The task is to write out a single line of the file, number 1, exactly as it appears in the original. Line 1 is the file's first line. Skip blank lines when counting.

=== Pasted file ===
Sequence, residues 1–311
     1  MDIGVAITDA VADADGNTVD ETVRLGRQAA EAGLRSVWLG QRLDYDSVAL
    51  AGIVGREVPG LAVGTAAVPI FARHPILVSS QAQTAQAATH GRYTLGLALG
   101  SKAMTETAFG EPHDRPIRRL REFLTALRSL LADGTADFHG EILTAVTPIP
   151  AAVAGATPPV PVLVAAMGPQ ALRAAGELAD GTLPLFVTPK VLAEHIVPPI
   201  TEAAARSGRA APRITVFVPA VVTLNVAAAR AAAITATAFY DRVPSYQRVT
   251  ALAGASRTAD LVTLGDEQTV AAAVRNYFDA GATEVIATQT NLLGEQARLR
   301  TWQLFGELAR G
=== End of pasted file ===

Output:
Sequence, residues 1–311